Rome at night – upon arrival…
What a wonderful trip it was! I discovered a truly beautiful city with breathtaking architecture, history, art, style, opulence and was extremely impressed.
After a long day of travel on Saturday, settled into the one bedroom apartment off the main road, Nazionale, which was immediately enticing with its opulent buildings, shops and restaurants and so full of life. This area is a great place to stay because it is walking distance from the main Stazione Termini. The apartment was secured from the website Air BnB and well located because central and handy for the Metro. Obviously, it is better to walk and explore the winding lanes and magical surroundings of Rome.
The first day we started by visiting The Vatican and because of a long day on Saturday, deemed it impossible to rush out so we didn’t arrive until about midday and probably missed all the drama of the Pope (we think) but it was still an amazing experience. Vatican city (Citta del Vaticano), the papal residence, was built over the tomb of Saint Peter. The Vatican’s position as a sovereign state within a state was garenteed by the Lateran Treaty of 1929, marked by the building of a new road, the Via della Conciliazione. It has been the residence of the popes for about six centuries since 1377 and is an independent state ruled by the Supreme Pontiff (the Pope).
The evening was spent in the lively Irish pub, The Flann O’Brien, situated on the Nazionale which had a keyboard player/singer and lots of dancing ensued. A fabulous start to our week long break.
We visited the Trevi Fountain on day 2. The weather was blue sky and sunny, although a chilly 16c, a lot brighter than the UK. We duly threw in our coins into the Trevi Fountain, which traditionally ensures your return to Rome. The Trevi fountain, inspired by Roman triumphal arches, is the largest and most famous Baroque fountain in Rome (standing 25.9 meters high and 19.8 meters wide). My pictures are not great, because it was very bright. Goodness knows what Rome is like during the summer months because it was still fairly busy in December.
During day 3, we frequented the truly amazing Pantheon. This place is stunning and was one of the most impressive sights I have experienced. It is well preserved and is an unusual experience as you gaze up to the delights of the largest unreinforced dome ever built. The temple is the only monument in classical style which can be found intact in Rome. The word Pantheon is a Greek adjective meaning “honor all Gods” was first built as a temple to all gods. Spectacular and not to be missed if you visit Rome.
Well, day 4, was incredible and quite an exhilarating experience. We took the metro a couple of stops to The Colosseum. This has to be seen to be believed. An immense amphi-theatre and bizarrely the first sight you see as you leave the station. The Colosseum, originally known as Flavian Amphitheatre, was commissioned in AD 72 by Emperor Vespasian and completed by his son, Titus, in 80, with later improvements by Domitian. What is impressive is that it is still there at all. It is located east of the Roman Forum and has 80 arched entrances for 55,000 spectators. The Colosseum is huge and as you explore you can almost hear the cheering of the ancient, ghostly crowd. Quite an extraordinary encounter with the past which leaves an impression. This was further endorsed by a wander around nearby ancient ruins of the The Forum and this also evoked more impressions of the power of the Roman empire.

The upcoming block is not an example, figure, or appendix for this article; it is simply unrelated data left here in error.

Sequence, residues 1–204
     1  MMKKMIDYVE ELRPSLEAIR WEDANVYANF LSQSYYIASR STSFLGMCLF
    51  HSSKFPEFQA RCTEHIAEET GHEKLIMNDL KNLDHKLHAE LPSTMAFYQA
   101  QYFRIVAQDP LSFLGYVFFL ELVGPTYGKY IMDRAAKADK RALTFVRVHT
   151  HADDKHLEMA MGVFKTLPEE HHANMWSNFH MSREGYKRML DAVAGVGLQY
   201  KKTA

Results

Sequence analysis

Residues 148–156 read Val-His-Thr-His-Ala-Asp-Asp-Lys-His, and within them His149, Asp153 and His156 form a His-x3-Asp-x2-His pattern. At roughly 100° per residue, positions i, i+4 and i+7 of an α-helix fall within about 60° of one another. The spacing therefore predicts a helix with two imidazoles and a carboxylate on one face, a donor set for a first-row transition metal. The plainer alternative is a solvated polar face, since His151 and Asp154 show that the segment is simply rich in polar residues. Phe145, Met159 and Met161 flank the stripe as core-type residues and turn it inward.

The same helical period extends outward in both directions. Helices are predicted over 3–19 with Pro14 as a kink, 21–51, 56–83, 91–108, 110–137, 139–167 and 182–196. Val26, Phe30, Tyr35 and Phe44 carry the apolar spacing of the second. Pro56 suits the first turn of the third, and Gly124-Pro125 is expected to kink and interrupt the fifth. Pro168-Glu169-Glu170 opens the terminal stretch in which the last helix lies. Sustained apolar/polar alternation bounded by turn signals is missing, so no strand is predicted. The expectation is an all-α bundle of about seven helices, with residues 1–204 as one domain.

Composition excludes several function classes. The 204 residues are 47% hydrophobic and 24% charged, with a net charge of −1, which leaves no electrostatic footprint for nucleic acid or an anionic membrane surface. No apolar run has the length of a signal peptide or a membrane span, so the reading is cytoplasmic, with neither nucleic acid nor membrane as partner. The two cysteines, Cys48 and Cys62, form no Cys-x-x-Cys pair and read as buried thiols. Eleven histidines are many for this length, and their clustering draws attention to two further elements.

During the week we visited many areas of Rome, including The Spanish Steps. The square and the church are connected by the monumental Spanish Steps, built between 1723-1726 (designed by Francesco de Sanctis). It is a busy area with many people sitting on the steps and enjoying the ambience of Rome. If they were like us, they were probably exhausted because you walk miles. But it sure is worth it. We then wandered around the rather grand area and nosed in the designer shops. Some very expensive handbags there.
On our last day, we decided to visit the Baths of Diocletian. The visit was a last minute decision and very well received. The baths were built 298AD and 306AD to honour Roman Emperor Diocletian. The complex is large and was once one of the biggest in the world. It had a frigidarium (cold room), tepidarium (warm room) and caldarium (hot room or steam room) as well plus large bathing chambers, gymnasiums and even a library and held up to 3,000 people.
As you enter the baths there is a small auditorium where you can watch a video about the Baths of Diocletian and includes a computer animated section, demonstrating how they think the baths were in their heyday. If you visit the baths, make sure you watch it because it is fascinating although, in my opinion, probably they were not that grand.
As you walk around the beautiful city you pass some pretty areas and as it was December we were impressed by the lights and decorations. Of course, we devoured plenty of pasta, meats, fish, pizza, wine and beer in some great family owned restaurants and bars.
It was an amazing trip and even more interesting and exciting than expected. I may need to return…
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